The array of more than 30 such sheds in the colony illustrates the apathy of the authorities.

They said that the authorities overlooked the families that deserved consideration though they owned proper titled deeds and gave houses to strangers.

Sajan Kodambuzha of Janakeeya Committee says that the families will find it difficult to survive the heavy monsoon.

“The heavy rain along with sea erosion will add to the plight of these homeless families,” he said.

At the mass contact programme that was held on April 27 in the city, several complaints were submitted to Chief Minister seeking urgent action.

“But, the officials concerned are yet to conduct a visit to assess our needs,” said Sajan.

He demanded that the Kerala State Housing Board (KSHB), the nodal agency entrusted for the implementation of the project, should utilise rupees one crore, the balance amount of the first phase, to repair the 25 houses.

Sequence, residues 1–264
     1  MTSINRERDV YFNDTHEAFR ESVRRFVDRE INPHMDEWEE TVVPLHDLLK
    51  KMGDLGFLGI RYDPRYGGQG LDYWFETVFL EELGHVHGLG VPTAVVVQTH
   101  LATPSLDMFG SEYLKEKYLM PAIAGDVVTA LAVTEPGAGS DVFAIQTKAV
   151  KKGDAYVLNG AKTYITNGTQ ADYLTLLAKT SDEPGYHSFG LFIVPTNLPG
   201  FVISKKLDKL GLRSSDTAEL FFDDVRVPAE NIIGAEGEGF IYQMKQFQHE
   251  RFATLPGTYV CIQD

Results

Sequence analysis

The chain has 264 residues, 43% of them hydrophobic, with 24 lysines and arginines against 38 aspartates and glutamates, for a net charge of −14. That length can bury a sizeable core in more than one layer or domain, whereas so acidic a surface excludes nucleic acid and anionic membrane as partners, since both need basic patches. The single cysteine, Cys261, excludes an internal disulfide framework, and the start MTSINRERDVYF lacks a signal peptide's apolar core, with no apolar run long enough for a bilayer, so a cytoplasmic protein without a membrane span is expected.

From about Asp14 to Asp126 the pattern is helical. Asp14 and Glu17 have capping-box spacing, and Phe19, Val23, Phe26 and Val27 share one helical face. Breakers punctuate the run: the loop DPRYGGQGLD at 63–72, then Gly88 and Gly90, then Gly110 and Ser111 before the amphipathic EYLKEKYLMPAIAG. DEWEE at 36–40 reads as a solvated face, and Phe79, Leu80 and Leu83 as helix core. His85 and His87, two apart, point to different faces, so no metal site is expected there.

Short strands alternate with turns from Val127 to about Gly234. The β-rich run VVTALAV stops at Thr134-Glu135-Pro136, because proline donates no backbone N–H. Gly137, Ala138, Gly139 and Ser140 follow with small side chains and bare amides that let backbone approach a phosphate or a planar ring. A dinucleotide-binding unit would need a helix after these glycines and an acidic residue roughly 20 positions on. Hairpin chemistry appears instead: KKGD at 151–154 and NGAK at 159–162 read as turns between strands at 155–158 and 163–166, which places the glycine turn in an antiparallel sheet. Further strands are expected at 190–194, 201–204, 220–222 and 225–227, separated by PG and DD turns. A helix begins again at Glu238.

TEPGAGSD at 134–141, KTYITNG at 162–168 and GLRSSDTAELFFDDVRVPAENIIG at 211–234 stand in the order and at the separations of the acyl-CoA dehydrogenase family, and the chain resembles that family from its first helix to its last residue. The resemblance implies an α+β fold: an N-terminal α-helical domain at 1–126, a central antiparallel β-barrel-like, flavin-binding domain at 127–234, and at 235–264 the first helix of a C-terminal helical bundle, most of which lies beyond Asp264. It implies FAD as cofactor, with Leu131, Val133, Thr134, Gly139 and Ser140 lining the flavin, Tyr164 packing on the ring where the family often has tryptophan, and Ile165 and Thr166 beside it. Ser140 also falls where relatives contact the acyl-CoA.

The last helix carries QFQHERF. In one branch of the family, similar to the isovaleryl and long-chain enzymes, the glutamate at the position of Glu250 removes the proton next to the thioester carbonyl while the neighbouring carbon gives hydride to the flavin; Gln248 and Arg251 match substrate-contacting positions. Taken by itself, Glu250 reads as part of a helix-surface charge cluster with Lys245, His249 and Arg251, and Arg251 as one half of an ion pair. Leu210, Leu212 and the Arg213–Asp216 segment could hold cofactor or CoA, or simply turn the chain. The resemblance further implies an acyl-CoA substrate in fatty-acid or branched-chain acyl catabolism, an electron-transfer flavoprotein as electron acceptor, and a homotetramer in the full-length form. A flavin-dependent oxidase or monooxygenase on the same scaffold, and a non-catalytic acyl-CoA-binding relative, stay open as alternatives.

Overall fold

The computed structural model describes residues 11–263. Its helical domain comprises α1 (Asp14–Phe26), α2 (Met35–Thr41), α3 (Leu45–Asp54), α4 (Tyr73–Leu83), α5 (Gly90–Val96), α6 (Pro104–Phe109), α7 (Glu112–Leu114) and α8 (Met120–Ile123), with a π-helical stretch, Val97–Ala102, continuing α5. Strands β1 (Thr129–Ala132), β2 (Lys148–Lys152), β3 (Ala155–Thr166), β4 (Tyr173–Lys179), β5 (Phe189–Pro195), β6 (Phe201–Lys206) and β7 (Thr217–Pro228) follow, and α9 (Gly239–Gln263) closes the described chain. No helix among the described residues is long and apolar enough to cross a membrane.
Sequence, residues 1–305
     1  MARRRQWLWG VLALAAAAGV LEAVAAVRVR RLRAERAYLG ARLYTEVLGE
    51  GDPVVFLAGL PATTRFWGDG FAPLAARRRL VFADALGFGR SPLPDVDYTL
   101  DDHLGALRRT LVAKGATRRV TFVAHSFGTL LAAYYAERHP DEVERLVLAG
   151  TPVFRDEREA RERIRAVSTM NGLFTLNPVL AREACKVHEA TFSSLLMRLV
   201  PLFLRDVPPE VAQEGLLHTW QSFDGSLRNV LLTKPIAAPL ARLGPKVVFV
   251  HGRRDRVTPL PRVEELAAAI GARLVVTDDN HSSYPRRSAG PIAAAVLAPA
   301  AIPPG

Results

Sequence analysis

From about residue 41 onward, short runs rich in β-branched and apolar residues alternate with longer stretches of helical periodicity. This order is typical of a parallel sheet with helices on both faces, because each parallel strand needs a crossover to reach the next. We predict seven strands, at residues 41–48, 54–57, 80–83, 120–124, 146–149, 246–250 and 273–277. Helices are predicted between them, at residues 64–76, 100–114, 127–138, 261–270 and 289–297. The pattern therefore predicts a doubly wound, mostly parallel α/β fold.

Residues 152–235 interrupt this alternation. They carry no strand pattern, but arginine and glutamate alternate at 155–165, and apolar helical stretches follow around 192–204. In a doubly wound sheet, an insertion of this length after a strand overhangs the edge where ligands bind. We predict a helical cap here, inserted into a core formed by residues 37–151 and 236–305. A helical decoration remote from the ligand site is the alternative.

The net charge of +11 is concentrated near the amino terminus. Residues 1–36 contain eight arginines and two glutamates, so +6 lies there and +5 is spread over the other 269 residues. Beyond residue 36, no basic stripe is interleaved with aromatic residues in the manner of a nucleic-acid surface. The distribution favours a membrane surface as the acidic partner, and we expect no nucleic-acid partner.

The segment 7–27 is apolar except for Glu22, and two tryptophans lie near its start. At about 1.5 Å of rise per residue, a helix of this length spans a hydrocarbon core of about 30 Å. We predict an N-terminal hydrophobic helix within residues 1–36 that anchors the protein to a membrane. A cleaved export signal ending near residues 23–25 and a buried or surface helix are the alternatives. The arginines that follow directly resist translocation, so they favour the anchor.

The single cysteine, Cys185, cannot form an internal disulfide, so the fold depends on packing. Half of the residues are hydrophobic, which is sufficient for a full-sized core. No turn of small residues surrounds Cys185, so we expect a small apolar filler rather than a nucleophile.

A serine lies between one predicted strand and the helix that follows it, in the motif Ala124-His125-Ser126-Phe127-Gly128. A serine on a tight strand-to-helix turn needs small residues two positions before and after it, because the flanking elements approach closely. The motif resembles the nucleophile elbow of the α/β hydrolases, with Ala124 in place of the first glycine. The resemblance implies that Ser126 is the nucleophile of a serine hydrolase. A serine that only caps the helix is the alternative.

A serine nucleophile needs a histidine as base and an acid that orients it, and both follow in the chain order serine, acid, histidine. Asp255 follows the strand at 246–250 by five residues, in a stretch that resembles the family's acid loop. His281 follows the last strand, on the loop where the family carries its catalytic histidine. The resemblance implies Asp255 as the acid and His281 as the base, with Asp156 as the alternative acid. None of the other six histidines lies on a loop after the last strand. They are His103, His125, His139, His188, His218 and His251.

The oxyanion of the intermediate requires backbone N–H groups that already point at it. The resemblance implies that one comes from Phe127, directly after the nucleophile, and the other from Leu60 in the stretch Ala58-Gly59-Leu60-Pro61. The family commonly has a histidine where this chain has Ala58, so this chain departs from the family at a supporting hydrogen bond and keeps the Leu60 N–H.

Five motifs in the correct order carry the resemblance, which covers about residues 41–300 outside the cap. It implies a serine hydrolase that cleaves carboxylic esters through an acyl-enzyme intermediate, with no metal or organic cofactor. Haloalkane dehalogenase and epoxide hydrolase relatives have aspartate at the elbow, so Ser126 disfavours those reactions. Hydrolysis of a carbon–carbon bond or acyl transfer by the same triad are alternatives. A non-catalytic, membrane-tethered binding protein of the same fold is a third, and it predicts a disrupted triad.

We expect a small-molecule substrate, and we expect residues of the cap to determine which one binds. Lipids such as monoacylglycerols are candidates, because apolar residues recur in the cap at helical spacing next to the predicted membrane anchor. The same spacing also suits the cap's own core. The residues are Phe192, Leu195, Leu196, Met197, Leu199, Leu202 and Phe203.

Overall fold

“If such a move is initiated the sufferings of the some of the families can be assuaged,” he said.

KSHB, however, blames the government for the delay in the implementation of the second phase. They said that the government is yet to disburse funds for the second phase.

“The works can start if adequate funds are disbursed,” said a KSHB official.

According to KSHB roughly Rs 28 crore is needed to complete the second phase, which includes house, drainage, waste treatment plant, road construction and repairing works.

When asked whether the funds remaining from the phase one of the project can be used to carry out repair works, the official said that they need the CM’s permission for that. “It is the responsibility of the district administration to ensure that follow up works are carried out,” he added.

The Problems

■ Phase II of Shanthi Nagar Model Village Project yet to begin

■ 340 beneficiaries yet to get houses

■ Repairs works on 25 houses not yet carried out

■ Colony has zero basic facilities

■ KSHB blames the government for the delay in implementation of Phase II

■ Roughly Rs 28 crore is needed to complete the second phase